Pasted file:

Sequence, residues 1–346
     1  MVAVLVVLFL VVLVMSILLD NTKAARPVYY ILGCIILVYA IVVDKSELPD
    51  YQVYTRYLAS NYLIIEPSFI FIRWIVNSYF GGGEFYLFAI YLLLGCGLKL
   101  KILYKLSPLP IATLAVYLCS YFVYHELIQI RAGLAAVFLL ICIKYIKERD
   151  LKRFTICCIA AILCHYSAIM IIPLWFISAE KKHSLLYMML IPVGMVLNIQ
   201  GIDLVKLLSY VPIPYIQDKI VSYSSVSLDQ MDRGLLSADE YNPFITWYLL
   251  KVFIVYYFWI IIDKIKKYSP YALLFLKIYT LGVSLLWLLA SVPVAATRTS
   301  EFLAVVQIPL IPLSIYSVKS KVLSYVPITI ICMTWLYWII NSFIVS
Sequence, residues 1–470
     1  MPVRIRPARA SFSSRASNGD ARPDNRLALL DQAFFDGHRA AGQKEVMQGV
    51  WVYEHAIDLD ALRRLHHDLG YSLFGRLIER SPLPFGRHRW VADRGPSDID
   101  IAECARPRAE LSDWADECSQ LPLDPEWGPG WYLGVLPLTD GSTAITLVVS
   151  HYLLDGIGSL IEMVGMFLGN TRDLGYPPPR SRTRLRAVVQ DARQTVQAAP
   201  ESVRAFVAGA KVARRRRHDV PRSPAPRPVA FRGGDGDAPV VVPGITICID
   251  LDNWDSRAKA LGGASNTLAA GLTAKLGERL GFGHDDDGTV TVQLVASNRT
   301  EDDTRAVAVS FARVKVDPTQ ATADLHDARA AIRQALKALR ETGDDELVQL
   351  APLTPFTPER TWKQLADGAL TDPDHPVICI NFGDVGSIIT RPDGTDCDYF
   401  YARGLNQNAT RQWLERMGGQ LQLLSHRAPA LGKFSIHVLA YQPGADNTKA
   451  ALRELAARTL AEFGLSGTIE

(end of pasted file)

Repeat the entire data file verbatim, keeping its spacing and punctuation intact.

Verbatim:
Sequence, residues 1–346
     1  MVAVLVVLFL VVLVMSILLD NTKAARPVYY ILGCIILVYA IVVDKSELPD
    51  YQVYTRYLAS NYLIIEPSFI FIRWIVNSYF GGGEFYLFAI YLLLGCGLKL
   101  KILYKLSPLP IATLAVYLCS YFVYHELIQI RAGLAAVFLL ICIKYIKERD
   151  LKRFTICCIA AILCHYSAIM IIPLWFISAE KKHSLLYMML IPVGMVLNIQ
   201  GIDLVKLLSY VPIPYIQDKI VSYSSVSLDQ MDRGLLSADE YNPFITWYLL
   251  KVFIVYYFWI IIDKIKKYSP YALLFLKIYT LGVSLLWLLA SVPVAATRTS
   301  EFLAVVQIPL IPLSIYSVKS KVLSYVPITI ICMTWLYWII NSFIVS
Sequence, residues 1–470
     1  MPVRIRPARA SFSSRASNGD ARPDNRLALL DQAFFDGHRA AGQKEVMQGV
    51  WVYEHAIDLD ALRRLHHDLG YSLFGRLIER SPLPFGRHRW VADRGPSDID
   101  IAECARPRAE LSDWADECSQ LPLDPEWGPG WYLGVLPLTD GSTAITLVVS
   151  HYLLDGIGSL IEMVGMFLGN TRDLGYPPPR SRTRLRAVVQ DARQTVQAAP
   201  ESVRAFVAGA KVARRRRHDV PRSPAPRPVA FRGGDGDAPV VVPGITICID
   251  LDNWDSRAKA LGGASNTLAA GLTAKLGERL GFGHDDDGTV TVQLVASNRT
   301  EDDTRAVAVS FARVKVDPTQ ATADLHDARA AIRQALKALR ETGDDELVQL
   351  APLTPFTPER TWKQLADGAL TDPDHPVICI NFGDVGSIIT RPDGTDCDYF
   401  YARGLNQNAT RQWLERMGGQ LQLLSHRAPA LGKFSIHVLA YQPGADNTKA
   451  ALRELAARTL AEFGLSGTIE